There do seem to be a lot of enemies in the game that are impervious to many attacks, however. While Death Knights’ shields can be pulled aside, many enemies such as the chainsaw-wielding Ravagers employ rage attacks that mean only very strong attacks can damage them. While they work in a strategic sense, they can often break the flow of the game as I found myself having to really play safe to pick them off, and found them less enjoyable to fight than other opponents – especially coupled with an attack that has an annoying impale animation that feels a little out-of-place. Perhaps my least favourite opponents are ones that are only affected by either Angel or Demon weapons – while they add some strategic value, I wasn’t too keen on the way there are many times where certain weapons are altogether ineffective – in most DMC games, you can play using whichever weapon you like in your own style, whereas I found myself sometimes being forced to use attacks I wouldn’t use, given another option. Especially when that means having to use a crowd-control oriented weapon on a single, strong opponent.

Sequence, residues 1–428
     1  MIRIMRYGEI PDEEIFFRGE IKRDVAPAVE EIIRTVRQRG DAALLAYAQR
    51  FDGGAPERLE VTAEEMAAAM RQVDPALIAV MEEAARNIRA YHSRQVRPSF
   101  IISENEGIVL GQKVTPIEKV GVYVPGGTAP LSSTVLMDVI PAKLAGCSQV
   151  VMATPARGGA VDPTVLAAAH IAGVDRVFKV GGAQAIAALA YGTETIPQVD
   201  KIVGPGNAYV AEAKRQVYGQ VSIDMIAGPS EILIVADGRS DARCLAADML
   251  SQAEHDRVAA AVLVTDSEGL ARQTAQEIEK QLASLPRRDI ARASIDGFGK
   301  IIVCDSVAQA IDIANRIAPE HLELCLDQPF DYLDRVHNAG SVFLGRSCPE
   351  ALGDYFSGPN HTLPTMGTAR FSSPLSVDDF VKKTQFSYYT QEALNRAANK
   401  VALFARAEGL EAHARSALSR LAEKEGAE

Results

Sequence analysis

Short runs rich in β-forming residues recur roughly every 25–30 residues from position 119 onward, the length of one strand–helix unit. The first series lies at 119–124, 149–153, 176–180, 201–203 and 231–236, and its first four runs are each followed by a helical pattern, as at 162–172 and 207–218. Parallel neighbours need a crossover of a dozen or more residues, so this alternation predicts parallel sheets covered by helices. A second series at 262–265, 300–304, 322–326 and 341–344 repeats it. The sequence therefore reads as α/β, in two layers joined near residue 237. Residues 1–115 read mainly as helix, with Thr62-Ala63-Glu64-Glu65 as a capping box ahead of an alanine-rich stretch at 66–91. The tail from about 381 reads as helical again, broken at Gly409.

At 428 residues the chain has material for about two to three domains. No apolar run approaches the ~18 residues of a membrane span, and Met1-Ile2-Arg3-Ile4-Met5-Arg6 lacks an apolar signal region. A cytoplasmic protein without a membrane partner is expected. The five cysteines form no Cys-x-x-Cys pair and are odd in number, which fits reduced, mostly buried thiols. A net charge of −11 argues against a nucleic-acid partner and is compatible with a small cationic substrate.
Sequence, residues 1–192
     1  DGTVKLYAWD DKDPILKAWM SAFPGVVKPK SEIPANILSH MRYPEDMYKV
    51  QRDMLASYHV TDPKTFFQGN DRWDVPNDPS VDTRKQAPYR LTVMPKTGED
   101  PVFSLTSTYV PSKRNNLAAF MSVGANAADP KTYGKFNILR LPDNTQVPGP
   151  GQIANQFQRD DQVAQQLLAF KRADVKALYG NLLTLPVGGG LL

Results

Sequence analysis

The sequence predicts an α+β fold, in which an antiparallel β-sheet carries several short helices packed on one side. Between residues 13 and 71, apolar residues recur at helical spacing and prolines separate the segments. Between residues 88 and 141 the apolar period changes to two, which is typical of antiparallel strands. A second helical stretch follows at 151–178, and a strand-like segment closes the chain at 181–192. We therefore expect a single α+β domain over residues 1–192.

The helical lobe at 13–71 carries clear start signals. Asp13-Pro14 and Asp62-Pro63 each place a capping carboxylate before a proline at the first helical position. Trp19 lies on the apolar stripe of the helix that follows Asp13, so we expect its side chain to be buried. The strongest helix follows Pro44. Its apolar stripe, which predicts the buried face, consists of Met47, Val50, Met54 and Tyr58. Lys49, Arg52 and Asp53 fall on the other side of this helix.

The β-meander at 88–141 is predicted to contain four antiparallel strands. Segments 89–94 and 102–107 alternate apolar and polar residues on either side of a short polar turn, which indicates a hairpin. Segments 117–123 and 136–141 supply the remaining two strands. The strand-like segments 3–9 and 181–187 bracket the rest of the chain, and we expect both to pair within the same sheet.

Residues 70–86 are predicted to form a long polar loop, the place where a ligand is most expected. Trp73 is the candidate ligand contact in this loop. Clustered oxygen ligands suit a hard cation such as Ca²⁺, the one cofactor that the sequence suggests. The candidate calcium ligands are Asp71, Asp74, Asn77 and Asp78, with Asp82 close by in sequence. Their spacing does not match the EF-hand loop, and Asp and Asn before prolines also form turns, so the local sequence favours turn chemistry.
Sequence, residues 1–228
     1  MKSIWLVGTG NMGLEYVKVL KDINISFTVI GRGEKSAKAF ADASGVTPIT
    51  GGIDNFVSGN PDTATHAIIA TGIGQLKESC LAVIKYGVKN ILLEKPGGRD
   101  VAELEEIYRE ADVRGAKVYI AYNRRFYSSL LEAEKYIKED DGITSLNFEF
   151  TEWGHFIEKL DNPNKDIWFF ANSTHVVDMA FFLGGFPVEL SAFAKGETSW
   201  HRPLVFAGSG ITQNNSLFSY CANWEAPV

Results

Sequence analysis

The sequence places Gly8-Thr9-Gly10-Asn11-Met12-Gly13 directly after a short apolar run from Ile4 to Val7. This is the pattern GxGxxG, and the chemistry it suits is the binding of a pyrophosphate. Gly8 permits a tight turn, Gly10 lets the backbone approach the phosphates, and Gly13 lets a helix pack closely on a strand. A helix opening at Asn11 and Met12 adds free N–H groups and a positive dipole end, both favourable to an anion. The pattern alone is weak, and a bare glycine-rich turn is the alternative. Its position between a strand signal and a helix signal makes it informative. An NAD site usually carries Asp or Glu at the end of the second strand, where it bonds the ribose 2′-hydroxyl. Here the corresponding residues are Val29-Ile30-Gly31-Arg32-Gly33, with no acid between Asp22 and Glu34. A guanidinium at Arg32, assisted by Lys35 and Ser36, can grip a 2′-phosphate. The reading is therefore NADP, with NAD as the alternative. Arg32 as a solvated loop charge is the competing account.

drekavac

That said, there were a few enemies that I did particularly enjoy fighting. The Witch is a female entity that summons a protective shield around either herself, or another of your opponents. They quickly become priorities to defeat, and you have to break their defenses and take them down before they cast their shields again. Also, a later enemy in the game, the Drekavac, is a katana-wielding assassin with the ability to jump into portals and reappear elsewhere on the battlefield. It’s very satisfying to smash one with a well-timed charge attack as they reappear, and the enemies reminded me a little of the Hell Vanguard enemies from DMC3, which I loved – making Drekavac easily my favourite enemy in the game. There are also some larger enemies in the game that take a little more patience, though they can be taken down quickly once you get the hang of them – or even sometimes pulled onto their backs with a well-timed grapple.